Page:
were within reach of the Grail of rock and roll stardom many times
in their long career. Unfortunately for the group, the ultimate
prize always seemed to elude them in the end due to a series of
mistakes and sheer bad luck. A legendary live band, the group
never managed to translate their electric on-stage intensity into
the studio, and despite their 20 years of service, they have now
become little more than a blot on the American hard rock canvas.
Taking their name from a Beatles album, Yesterday and Today formed
in San Francisco around 1973 with Dave Meniketti on vocals and
lead guitar, Phil Kennemore on bass and Leonard Haze on drums.
After stealing rhythm guitarist Joey Alves from a rival band,
the foursome began to gig constantly around the Bay Area, opening
for such heavyweights as Journey and the Doobie Brothers. They
were eventually picked up by London Records, which released their
eponymous debut in 1976 and followed it with Struck Down two years
later. Neither album ended up being successful though, and after
being dropped from the label, the band spent another two years
struggling to stay alive.
Their perseverance finally paid off in early 1981, when they inked
a long-term deal with A&M Records and shortened their name to
Y&T in the process. Earthshaker, their first album for the label
came out later that year and was a resounding success, earning
the band a number of high-profile opening slots with AC/DC and
Kiss. The group's newfound success culminated in a performance
at the prestigious Monsters of Rock festival in Donington, England.
An optimistic Y&T returned to England the following year to begin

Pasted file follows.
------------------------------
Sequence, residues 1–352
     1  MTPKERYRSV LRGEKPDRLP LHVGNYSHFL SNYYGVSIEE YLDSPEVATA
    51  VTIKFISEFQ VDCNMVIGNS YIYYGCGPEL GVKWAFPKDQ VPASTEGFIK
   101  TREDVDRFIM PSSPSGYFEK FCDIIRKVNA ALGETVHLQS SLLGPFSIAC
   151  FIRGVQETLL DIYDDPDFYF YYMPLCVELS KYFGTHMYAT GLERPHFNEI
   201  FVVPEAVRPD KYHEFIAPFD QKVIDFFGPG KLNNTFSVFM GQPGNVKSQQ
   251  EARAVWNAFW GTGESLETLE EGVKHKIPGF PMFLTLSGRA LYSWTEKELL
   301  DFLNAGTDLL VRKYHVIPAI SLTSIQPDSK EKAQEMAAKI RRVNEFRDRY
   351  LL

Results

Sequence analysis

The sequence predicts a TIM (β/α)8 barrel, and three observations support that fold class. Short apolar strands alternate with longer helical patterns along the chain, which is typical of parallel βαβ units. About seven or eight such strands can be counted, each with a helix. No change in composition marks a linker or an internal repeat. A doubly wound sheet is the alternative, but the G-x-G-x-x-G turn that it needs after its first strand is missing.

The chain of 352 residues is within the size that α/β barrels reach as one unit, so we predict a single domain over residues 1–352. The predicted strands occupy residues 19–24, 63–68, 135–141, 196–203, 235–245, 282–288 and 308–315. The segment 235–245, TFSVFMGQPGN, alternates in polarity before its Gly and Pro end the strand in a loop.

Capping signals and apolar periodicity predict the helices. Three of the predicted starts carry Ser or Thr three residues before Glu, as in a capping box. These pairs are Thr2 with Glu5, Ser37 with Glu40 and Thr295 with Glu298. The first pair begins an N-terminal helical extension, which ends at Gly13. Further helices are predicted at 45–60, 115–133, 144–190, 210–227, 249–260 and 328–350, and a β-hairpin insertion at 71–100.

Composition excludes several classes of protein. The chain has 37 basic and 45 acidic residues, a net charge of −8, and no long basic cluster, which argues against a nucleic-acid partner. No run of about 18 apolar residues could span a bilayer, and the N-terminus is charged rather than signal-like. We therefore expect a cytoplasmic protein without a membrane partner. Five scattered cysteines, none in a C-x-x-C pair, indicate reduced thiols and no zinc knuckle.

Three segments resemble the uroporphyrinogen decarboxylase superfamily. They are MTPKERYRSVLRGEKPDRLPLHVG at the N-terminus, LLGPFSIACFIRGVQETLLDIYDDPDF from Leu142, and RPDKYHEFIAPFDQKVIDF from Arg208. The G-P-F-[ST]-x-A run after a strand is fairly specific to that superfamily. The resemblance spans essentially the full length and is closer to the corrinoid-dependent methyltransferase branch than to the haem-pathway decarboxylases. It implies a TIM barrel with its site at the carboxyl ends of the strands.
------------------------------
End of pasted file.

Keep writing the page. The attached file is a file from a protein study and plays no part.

work on Earthshaker’s follow-up, Black Tiger. But despite its
strong material, the record was let down by an uncharacteristically
lifeless production job from veteran Chris Tzangarides and failed
to meet the lofty expectations of both media and their label.
Inexplicably, the group re-united with Tsangarides for 1983’s
Meanstreak, obtaining equally disappointing results despite scoring
a decent international hit with “Midnight in Tokyo.” Subsequent
releases such as In Rock We Trust (1984) and Down for the Count
(1985) fared no better, and by the time they found redemption
with the blistering power of their first live set, Open Fire,
the band had been forgotten and surpassed by an entire generation
of younger bands. The band's association with A&M finally came
to an end later that year and was effectively buried with the
obligatory greatest hits set, Best of '81-'85.
Y&T wasn’t ready to give up yet, though. Signed to Geffen by A&R
guru David Kalodner — best known for resurrecting the career of
Aerosmith — the group decided to re-vamp their image in order
to fit into the late '80s hair band scene. Sadly, this image overhaul
included the premature ejection of Haze in favor of the infinitely
cuter yet equally competent Jimmy DeGrasso prior to 1987's Contagious.
The album bombed, and a disgusted Alves would soon follow Haze
into retirement, only to be replaced by a Stef Burns for 1998's
equally disastrous Ten. Thankfully, Meniketti and Kennemore also
decided to call it quits soon after, and Yesterday and Today Live,
taken from the band's farewell gig, provided the appropriate send
off. And while the final line-up would re-convene for 1995's Musically
Incorrect and 1997's Endangered Species, continued indifference
from consumers would make it a short-lived reunion. After the
break-up, drummer DeGrasso went on to an extended journeyman career
with the likes of Suicidal Tendencies, Megadeth while Meniketti
issued his first solo album, On the Blues Side, in 1999. — Ed
All Music Guide